Effects of Triangle Shirtwaist Factory Still Felt 105 Years Later
On Wednesday, hundreds gathered on lower Manhattan to pay tribute to the 146 workers who died in the Triangle Shirtwaist Factory fire. The fire – which took place 105 years ago today – was the worst industrial disaster in the history of the city. Today, 90 teams of artists are drawing chalk figures on sidewalks with details of each worker who died in the fire. As Elizabeth Brockway reports, participants at both events says the effects of that fire are still being felt today.
BROCKWAY : It was a Saturday afternoon, just before closing time, on March 25, 1911. It was most likely a cigarette ash falling into a bin of scrap cloth that started the flames that killed over a hundred workers. Today, Ruth Sergel is decorating sidewalks in front of the homes of those who died that day.
SERGEL : Right now we’re at 19 Clinton Street just below Houston and we’re chalking Becky Neubauer who was 19 years old and lived in walking distance of the factory.
BROCKWAY : Like Neubauer, many workers were women in their teens and 20s. The youngest was just 14. Sergel started Chalk over a decade ago as a memorial.
SERGEL : I think the idea behind it was partly frustration with the idea that we always say never again or we will never forget but we always do forget and these things happen again and again.
BROCKWAY : Mary Anne Trasciatti is the president of the Remember the Triangle Fire Coalition. The group organizes an official commemoration each year in honor of those who died in the fire. She says, the factory owners were focused on profit, not safety.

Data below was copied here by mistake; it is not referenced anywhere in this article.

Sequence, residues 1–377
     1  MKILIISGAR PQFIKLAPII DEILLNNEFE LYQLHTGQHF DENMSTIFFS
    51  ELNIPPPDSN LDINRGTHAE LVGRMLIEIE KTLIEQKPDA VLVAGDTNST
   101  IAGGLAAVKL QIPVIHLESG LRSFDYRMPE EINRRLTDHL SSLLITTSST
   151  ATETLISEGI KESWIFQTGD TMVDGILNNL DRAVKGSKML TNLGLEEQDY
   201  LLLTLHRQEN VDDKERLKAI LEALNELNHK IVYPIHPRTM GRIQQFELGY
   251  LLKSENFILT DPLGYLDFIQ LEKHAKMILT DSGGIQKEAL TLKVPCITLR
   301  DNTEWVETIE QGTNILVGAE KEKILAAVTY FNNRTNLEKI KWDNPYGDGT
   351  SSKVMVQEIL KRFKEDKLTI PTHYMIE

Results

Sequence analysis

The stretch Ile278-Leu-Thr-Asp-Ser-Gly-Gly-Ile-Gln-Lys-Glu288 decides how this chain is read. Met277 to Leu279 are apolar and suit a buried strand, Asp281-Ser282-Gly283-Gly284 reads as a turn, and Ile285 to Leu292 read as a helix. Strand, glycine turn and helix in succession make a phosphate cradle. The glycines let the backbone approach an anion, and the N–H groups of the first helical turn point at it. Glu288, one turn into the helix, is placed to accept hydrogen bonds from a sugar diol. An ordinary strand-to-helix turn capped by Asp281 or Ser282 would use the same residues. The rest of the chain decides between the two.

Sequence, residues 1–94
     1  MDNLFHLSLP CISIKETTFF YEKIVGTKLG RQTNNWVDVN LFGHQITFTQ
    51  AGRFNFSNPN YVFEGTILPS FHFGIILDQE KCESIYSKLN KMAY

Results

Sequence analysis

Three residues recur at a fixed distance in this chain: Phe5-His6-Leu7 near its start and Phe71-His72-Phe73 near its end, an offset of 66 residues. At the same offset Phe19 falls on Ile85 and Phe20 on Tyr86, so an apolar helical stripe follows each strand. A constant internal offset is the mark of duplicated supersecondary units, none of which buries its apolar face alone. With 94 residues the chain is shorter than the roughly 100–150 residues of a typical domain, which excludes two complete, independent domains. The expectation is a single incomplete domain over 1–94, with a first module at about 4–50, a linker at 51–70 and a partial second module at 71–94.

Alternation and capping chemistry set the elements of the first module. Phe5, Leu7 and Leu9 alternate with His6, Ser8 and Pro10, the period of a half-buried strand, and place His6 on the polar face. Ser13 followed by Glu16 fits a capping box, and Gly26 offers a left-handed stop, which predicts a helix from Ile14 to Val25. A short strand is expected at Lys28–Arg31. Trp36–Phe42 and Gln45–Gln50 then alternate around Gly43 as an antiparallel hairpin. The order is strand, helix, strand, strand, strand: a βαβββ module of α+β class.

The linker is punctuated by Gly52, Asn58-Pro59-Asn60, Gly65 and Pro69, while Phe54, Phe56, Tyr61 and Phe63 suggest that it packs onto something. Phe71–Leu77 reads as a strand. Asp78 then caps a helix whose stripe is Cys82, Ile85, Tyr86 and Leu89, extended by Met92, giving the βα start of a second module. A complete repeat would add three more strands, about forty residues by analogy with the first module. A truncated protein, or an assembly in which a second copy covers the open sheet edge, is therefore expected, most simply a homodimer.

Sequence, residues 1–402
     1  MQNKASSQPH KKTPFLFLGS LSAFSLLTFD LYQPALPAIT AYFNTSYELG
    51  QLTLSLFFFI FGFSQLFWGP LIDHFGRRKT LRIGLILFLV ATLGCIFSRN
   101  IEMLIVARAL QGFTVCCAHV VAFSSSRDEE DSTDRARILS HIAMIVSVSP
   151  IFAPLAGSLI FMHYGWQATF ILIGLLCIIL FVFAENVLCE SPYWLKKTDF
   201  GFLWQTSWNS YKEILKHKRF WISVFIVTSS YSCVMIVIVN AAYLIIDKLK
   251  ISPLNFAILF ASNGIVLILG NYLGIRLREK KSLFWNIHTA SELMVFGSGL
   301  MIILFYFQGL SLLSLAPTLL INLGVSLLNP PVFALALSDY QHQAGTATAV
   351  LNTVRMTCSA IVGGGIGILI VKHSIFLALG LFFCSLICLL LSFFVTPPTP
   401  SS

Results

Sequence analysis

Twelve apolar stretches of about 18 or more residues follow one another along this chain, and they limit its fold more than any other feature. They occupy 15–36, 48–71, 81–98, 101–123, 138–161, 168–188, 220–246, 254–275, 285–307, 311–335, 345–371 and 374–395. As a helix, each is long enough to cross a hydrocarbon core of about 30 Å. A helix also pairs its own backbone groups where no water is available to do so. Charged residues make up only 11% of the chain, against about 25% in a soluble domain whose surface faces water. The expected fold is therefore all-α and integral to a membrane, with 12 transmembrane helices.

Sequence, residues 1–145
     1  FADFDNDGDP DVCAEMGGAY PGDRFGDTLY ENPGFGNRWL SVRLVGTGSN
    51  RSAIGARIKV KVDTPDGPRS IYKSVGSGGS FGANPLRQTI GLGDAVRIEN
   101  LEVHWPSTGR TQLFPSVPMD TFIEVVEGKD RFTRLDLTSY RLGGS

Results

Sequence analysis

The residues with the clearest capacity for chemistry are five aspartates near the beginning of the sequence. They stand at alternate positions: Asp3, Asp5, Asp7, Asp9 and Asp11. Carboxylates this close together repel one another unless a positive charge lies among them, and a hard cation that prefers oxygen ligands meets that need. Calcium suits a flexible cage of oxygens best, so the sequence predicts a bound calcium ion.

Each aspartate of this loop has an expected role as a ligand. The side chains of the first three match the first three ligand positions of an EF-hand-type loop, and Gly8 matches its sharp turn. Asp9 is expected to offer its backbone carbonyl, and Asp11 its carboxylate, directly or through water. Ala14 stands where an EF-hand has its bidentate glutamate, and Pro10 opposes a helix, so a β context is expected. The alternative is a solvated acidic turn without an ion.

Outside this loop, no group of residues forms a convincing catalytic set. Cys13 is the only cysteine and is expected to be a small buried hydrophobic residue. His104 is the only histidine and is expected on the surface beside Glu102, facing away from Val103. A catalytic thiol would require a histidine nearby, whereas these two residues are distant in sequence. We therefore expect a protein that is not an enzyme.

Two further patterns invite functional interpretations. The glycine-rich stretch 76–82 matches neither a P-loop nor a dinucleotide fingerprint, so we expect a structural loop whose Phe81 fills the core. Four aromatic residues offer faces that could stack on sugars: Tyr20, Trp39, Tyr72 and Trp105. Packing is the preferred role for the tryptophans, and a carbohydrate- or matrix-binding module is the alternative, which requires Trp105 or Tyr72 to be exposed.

TRASCIATTI: And the building was fire proof, but everything inside, of course, was not. Workers on the ninth floor were trapped and 146 people died. 62 of them jumped from the ninth floor to their death on the sidewalk below.
BROCKWAY : Approximately 150 survived. The tragedy helped prompt significant progress for national worker rights and safety regulations.
NOEL: This is something that could have been avoided had worker protections been in place. We know that the doors were locked in the factory to prevent union organizers from coming in and to protect theft and workers were trapped inside the building.
BROCKWAY: Cara Noel is with the New York City chapter of the AFL-CIO. It represent over a million workers and 300 unions in the city.
NOEL: And we’re here just saying we remember and we’re recommitting to making sure that workers have what they need in New York City and around the world.
BROCKWAY: Noel says it’s goal is to ensure that worksites have proper regulations in place, ones that would have helped prevent the Triangle fire. Unfortunately, many of these safety protocols were only installed because of Triangle. But while there has been significant improvement since the fire, Noel said workers are still fighting.
NOEL : They are better off now than they were 105 years ago, but there’s still a lot of work that needs to be done.
BROCKWAY :In 2013, the AFL-CIO reported that just over 4,500 workers were killed on the job in the US and more that 50,000 died from occupational diseases. Today, Ruth Sergel has teams all across the city — from Harlem, to the LES, to Brownsville and even one in Hoboken. Their goal is to make sure all 146 people who died at the Triangle Shirtwaist Factory fire are remembered. Elizabeth Brockway, Columbia Radio News.